He can’t make them fast enough to keep up with the demand, but Kita Wright’s “Black Sugar” is the latest food fad that is taking the area by storm.
In offices around the city, people are buying bags of these old fashioned “Tea Cakes” by the dozens.
The recipe for the cookies is Kita’s secret but those who have tasted them return to order bags by the dozens.
The cookie is being marketed through “Black Sugar,” LLC and is in high demand. “I might have to give up my day job,” said Kita responding to the surprising demand for his cookies that are being described as “crack in a cookie.”
“It’s just an old fashion tea cake,” he said, “nothing more, nothing less.”
For the last year, Wright has been cooking batches of his special recipe and giving them away to friends to fine-tune his recipe.
A month ago, the cookies were no longer free, but are now in little bags with his “Black Sugar” logo. He’s selling them by the thousands.
“It seems like the ultimate party favorite,” said Wright, noting that Senator Katrina Jackson ordered two thousand “Black Sugar” cookies for her senior birthday party this week at the Civic Center and dozens of other groups and businesses are getting in on the “Black Sugar” craze.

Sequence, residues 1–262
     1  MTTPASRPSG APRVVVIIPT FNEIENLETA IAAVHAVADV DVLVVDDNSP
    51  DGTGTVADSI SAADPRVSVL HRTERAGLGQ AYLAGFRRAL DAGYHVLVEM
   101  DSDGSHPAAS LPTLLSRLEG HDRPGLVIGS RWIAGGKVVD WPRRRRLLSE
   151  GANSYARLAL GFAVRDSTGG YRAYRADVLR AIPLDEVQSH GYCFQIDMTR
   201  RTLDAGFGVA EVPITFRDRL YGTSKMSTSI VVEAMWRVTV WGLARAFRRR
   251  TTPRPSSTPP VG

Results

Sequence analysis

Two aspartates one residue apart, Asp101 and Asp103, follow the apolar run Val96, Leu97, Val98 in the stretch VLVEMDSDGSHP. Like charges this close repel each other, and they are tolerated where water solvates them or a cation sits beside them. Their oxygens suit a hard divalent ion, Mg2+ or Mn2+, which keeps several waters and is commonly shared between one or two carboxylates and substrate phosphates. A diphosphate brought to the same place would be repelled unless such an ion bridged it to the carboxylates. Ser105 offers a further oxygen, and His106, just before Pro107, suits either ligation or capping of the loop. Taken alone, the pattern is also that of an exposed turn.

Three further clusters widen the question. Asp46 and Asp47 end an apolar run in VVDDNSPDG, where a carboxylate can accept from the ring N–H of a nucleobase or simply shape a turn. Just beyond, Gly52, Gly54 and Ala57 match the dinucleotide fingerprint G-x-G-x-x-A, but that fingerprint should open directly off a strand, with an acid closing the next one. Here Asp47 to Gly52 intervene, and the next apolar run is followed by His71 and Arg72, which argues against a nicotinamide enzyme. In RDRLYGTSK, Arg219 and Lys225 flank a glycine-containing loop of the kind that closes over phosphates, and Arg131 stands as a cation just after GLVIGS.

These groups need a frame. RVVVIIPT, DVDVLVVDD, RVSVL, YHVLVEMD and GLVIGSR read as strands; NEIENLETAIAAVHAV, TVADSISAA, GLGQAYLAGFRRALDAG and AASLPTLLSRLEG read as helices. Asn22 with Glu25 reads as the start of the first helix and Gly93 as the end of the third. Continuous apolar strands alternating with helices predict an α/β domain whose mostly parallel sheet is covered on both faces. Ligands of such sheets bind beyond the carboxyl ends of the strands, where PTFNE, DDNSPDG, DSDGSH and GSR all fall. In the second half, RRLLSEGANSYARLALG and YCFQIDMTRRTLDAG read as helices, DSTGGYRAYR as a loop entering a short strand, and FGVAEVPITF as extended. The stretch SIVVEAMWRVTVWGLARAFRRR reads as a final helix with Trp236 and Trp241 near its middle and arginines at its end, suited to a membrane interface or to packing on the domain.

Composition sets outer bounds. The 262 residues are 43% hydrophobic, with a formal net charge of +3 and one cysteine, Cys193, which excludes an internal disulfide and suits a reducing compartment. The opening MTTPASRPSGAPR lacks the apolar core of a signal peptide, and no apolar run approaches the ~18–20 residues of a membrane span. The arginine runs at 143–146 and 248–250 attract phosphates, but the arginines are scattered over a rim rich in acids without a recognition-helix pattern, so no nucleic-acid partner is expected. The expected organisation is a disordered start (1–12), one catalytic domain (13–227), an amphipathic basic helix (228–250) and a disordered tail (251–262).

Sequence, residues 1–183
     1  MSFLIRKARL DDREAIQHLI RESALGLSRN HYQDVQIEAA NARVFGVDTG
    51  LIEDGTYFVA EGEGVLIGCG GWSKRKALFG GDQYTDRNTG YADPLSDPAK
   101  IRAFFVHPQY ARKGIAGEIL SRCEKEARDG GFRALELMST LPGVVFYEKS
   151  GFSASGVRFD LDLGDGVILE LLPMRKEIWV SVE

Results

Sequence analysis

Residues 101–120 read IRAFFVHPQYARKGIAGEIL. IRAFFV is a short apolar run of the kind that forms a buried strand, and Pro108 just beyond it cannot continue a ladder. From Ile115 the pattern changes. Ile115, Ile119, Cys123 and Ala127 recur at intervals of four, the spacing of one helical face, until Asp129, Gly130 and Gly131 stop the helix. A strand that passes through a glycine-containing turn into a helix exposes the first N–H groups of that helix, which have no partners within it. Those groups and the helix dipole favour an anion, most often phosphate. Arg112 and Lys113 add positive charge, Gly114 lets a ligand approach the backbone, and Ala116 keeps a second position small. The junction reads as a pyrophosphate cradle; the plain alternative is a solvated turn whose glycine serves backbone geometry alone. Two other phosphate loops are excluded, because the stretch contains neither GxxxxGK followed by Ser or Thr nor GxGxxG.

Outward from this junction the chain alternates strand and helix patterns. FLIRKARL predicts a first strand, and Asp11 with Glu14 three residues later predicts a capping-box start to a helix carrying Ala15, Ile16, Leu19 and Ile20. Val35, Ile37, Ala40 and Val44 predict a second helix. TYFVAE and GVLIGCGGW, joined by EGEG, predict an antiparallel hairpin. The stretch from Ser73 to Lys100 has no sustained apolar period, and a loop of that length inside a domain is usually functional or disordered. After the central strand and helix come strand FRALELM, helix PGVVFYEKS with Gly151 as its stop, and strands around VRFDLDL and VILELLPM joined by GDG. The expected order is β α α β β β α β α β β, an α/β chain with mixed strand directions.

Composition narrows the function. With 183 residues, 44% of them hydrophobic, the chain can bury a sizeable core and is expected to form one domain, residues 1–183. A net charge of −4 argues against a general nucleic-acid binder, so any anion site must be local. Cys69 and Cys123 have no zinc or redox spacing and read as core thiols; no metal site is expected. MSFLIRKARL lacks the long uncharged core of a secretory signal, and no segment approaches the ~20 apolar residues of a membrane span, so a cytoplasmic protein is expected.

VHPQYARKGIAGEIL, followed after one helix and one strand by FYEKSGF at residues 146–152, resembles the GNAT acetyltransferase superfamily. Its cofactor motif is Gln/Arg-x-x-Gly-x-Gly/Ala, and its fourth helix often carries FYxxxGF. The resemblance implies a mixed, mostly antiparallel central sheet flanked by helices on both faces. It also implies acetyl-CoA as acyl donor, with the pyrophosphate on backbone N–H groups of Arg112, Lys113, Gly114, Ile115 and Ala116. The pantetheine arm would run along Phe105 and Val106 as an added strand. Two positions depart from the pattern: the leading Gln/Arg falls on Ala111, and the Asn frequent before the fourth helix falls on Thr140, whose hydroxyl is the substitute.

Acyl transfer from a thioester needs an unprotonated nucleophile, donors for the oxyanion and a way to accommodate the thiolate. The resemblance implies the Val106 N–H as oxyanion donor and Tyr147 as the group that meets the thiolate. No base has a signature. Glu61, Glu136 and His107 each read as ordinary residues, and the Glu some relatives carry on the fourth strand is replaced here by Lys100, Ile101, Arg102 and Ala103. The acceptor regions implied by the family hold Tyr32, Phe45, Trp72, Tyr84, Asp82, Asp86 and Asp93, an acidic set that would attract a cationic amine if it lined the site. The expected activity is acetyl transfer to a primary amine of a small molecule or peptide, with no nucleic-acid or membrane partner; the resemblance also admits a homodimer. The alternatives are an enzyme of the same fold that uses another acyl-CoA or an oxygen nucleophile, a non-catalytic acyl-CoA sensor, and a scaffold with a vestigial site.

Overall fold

As a student at Carroll High School in the 1990’s, Kita Wright was one of only a few males in the school’s home economics class of Mrs. Billie Creed and Mrs. Janice Flemmings. He learned to sew, manage a household, and cook.
He made the first prototypes of the “Black Sugar” cookie while a student at Carroll and gave them as gifts to his teachers and friends. Over the years, he baked the cookies in his kitchen as a hobby and surprised friends with batches of his special cookie that some say is like crack on a cookie.
Wright, a graduate of the Dallas Institue of Art, is a nationally recognized photographer and owner of Proworks Productions, LLC, a video and photography business he started when he was 13 years old.
Nearly 30 years later, he’s using everything he learned in high school, and it’s putting big dollars in his pocket.
He’s protective of his recipe and only involves close family in his enterprise, guided by his cousin by marriage, Lavondalyn Smith, who manages his operations. Though he is constantly bombarded by people interested in investing in the “Black Sugar” phenomenon, Wright has turned down all offers.
Carroll High also taught him to sew, Wright says, but he has no immediate plans for his sewing talents. “Black Sugar is keeping me busy enough.”
The Black Sugar, LLC ships cans of the down-home “Teacakes” across the country in tins thanks to exposure in social media and the company’s website: “theblacksugarbakery.com”